Quick Take

import { strict as assert } from "assert";
import {
} from "string-uglify";

// notice we put dots and hashes for classes and id's but algorithm will work
// fine too if you won't.
const names = [

// notice we put dots and hashes for classes and id's but algorithm will work
// fine too if you won't.
assert.deepEqual(uglifyArr(names), [

// uglify a particular id number (inefficient):
assert.equal(uglifyById(names, 3), "#l");


This library takes array of strings and uglifies them:

[".module", ".class1", ".class2"];

into something like:

[".g", ".j5", ".s9"];

Deterministic algorithm

Deterministic means that the same input always results in the same output.

Our algorithm is nearly deterministic. "Nearly", because many class names compete to be shortened to a single character and depending on the list, a single-character slot may be available or not. When default, two-character-long class names clash, the third character is appended (and so on, with less and less probability of happening).

Technically speaking, we want to uglify an array of class names in such way, that replacing half of the classes in the array and uglifying them again, "veteran" values would stay the same.

Practically, deterministic algorithm means you can heavily edit your HTML and it's unlikely that there will be reported git changes outside your edited code areas.

For example, let's minify CSS classes made of NATO phonetic alphabet, .oscar being one of them. Then, let's create another array: leave only .oscar and fill the list with other words. In both uglified result arrays, .oscar is consistently minified to the same .k.

That's determinism.

const input1 = [
".oscar", // <- here
const output1 = uglifyArr(input1);
console.log(`\n\n\n the first array:`);
console.log(input1.map((val, i) => `${val} - ${output1[i]}`).join("\n"));
// => the first array:
// .alpha - .s
// .bravo - .m
// .charlie - .u
// .delta - .w
// .echo - .t
// .foxtrot - .e
// .golf - .c
// .hotel - .o
// .india - .r
// .juliett - .j
// .kilo - .jj
// .lima - .x
// .mike - .a
// .november - .y
// .oscar - .k // <---- here
// .papa - .w6
// .quebec - .z
// .romeo - .uq
// .sierra - .q
// .tango - .l
// .uniform - .i
// .victor - .h
// .whiskey - .m0
// .xray - .e4
// .yankee - .h9
// .zulu - .qg

const input2 = [

".oscar", // <---- here


const output2 = uglifyArr(input2);
console.log(`\n\n\n the second array:`);
console.log(input2.map((val, i) => `${val} - ${output2[i]}`).join("\n"));
// => the second array:
// .abandon - .p
// .ability - .q
// .able - .i
// .about - .n
// .above - .z
// .abroad - .np
// .absence - .nl
// .absent - .h
// .absolute - .zj
// .abstract - .o
// .abuse - .c
// .abusive - .r
// .oscar - .k // <---- here
// .academic - .v
// .accept - .u
// .acceptable - .i4
// .acceptance - .l
// .access - .w
// .accident - .pj
// .accompany - .n3
// .according - .wm
// .account - .pd
// .accountant - .a
// .accurate - .cw

Other features

  • Its API is friendly - no errors are thrown, wrong inputs won't give you results. An empty array is fine.
  • Put dots and hashes (.a and #a) or don't. If you are minifying only classes or only id's you might omit dot or hash.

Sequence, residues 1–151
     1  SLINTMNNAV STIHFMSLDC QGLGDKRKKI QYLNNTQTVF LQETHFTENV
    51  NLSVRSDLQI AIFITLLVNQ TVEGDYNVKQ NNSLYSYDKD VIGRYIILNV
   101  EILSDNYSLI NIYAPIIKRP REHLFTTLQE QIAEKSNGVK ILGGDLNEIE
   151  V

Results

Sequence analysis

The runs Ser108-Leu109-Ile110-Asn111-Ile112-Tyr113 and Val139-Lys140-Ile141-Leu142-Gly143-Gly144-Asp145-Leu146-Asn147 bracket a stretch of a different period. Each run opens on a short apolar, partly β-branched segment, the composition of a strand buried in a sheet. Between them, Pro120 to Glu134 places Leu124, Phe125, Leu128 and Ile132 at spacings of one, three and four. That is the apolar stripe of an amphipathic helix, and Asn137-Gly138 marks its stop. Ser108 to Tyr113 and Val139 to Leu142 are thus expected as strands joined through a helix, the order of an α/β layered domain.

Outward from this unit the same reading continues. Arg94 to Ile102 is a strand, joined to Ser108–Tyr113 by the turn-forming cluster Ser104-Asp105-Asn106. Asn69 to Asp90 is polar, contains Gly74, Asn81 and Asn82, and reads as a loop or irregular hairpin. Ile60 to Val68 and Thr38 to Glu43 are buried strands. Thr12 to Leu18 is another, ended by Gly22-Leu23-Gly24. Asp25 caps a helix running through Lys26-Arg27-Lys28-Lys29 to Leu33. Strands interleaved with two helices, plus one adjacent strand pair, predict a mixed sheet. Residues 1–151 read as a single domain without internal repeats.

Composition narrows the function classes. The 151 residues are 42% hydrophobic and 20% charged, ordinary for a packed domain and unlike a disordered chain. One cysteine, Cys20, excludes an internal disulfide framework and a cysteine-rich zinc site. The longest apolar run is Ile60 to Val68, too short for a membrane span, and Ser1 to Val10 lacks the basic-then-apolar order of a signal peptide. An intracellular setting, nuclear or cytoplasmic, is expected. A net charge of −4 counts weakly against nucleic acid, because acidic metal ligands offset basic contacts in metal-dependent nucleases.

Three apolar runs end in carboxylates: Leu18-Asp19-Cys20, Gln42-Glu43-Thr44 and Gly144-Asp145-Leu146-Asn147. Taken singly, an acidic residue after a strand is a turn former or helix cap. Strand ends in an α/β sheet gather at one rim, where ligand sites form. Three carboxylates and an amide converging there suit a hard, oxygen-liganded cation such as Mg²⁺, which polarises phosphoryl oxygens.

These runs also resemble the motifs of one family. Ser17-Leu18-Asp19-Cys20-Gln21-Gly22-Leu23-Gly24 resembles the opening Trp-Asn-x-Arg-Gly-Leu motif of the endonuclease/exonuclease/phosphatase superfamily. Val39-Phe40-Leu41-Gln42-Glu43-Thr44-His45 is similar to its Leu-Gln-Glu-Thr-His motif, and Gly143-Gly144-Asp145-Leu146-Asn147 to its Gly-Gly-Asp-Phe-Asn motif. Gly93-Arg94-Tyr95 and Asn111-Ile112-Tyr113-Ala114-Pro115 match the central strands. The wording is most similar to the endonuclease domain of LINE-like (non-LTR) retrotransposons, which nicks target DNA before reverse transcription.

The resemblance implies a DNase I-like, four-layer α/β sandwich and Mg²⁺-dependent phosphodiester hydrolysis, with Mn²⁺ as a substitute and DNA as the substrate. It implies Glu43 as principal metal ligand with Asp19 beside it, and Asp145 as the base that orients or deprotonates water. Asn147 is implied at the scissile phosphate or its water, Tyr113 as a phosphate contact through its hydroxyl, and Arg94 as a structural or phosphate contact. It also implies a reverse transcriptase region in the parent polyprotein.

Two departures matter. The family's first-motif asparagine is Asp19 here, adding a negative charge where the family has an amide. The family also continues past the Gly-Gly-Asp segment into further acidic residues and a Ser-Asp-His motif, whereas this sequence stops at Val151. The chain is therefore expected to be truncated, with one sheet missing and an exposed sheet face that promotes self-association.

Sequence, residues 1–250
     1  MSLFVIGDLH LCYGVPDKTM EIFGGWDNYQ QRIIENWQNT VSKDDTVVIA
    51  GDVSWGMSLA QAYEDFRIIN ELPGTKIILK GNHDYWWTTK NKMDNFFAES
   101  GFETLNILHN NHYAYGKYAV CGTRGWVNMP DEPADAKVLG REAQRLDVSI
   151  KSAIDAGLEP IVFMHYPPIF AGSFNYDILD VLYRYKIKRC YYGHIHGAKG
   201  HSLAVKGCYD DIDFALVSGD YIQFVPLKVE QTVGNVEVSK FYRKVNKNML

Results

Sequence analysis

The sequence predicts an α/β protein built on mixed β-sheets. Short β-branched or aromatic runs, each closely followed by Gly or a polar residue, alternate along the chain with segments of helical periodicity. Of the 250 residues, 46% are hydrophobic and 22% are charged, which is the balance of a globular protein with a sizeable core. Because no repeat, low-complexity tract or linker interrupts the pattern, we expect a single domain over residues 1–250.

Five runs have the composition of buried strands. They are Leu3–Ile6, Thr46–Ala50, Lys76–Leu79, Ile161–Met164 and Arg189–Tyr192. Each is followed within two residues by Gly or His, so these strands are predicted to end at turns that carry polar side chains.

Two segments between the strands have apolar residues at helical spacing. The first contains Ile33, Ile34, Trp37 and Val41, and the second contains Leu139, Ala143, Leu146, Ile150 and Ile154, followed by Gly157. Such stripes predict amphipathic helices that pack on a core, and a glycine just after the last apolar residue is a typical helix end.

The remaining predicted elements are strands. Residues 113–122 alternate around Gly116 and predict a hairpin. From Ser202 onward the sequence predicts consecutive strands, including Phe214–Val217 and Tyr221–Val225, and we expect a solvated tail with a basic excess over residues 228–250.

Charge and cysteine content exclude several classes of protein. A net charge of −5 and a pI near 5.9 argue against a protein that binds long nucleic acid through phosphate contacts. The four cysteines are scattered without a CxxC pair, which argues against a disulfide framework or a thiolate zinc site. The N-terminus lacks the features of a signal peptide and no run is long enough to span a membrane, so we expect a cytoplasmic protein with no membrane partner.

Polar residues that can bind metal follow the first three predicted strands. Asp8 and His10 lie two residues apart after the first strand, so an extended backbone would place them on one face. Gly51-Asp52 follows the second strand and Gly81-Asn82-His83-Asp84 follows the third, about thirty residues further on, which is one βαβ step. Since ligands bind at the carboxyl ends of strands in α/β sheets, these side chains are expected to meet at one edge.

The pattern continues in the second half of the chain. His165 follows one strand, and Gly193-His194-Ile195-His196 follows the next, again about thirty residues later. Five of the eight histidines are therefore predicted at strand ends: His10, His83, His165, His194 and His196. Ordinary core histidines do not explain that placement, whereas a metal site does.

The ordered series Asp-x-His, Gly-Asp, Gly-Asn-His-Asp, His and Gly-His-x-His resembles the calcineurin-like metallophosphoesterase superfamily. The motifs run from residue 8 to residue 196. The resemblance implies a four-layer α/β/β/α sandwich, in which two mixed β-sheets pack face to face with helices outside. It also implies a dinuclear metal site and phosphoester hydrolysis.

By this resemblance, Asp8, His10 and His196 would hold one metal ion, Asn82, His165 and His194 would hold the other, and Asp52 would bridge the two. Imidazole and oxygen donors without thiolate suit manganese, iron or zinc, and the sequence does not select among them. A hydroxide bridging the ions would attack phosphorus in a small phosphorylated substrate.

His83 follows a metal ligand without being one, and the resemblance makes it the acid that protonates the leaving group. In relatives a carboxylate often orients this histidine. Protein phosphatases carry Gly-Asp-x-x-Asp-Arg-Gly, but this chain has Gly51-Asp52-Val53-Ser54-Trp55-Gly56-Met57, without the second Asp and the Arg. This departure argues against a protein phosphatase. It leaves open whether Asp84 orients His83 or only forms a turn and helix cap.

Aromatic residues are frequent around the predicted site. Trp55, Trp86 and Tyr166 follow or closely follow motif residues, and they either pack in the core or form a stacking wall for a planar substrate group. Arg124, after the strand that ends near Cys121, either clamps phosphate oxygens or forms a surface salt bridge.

• Input reference strings array does not have to contain unique entries. It's just inefficient to have duplicates so you should aim to avoid that.


When you require/import, you get three things:

const { uglifyArr, uglifyById, version } = require("string-uglify");

uglifyArr() - returns copy of a given array with each string uglified

Input — anything. If it's not an array, the same thing will be instantly returned. If it's array, an array is returned. If it's an array of one or more strings, it will return an array of that many uglified strings.

Output - same type as input. If it's a non-empty array of strings, those strings will be uglified.

If you feed strings with dots/hashes, [".class1", "#id2", ".class2", "#id9"] output will have same dots/hashes, for example, [".m", "#b", ".r", "#aa"].

If you feed input without dots/hashes, ["name1", "name2", "name3"], output will be without dots/hashes. For example, ["m", "b", "r", "aa"].

See the usage example above.

uglifyById() - clones and uglifies array and returns uglified element by requested id

Input — two arguments: array and natural number index.

Output - uglified string (string from position "id").

uglifyById() is less efficient when called many times because each time it processes the whole array using uglifyArr() and then gives you the id you requested. You should aim to avoid using uglifyById() and instead uglify the whole array, assign the result to a variable and query the element you need from it.

See the usage example above.


It outputs the semver string straight from package.json's "version" key's value.

For example:

const { version } = require("string-uglify");
console.log(`string-uglify from npm has version: ${version}`);
// string-uglify from npm has version: 1.1.0

uglification vs minification

Some people use the term "minification" and "uglification" interchangeably, but that's two different things.

Uglification: .class1 { display: block; }.fj { display: block; } (rename class or id names to be shorter)

Minification: .class1 { display: block; }.class1{display:block} (in CSS case, remove all the white space and sometimes last semicolon)

This library won't minify.

If you need an integrated HTML/CSS minification tool, consider html-crush.


See it in the monorepo opens in a new tab, on GitHub.


To report bugs or request features or assistance, raise an issue on GitHub opens in a new tab.

Any code contributions welcome! All Pull Requests will be dealt promptly.


MIT opens in a new tab

Copyright © 2010–2021 Roy Revelt and other contributors

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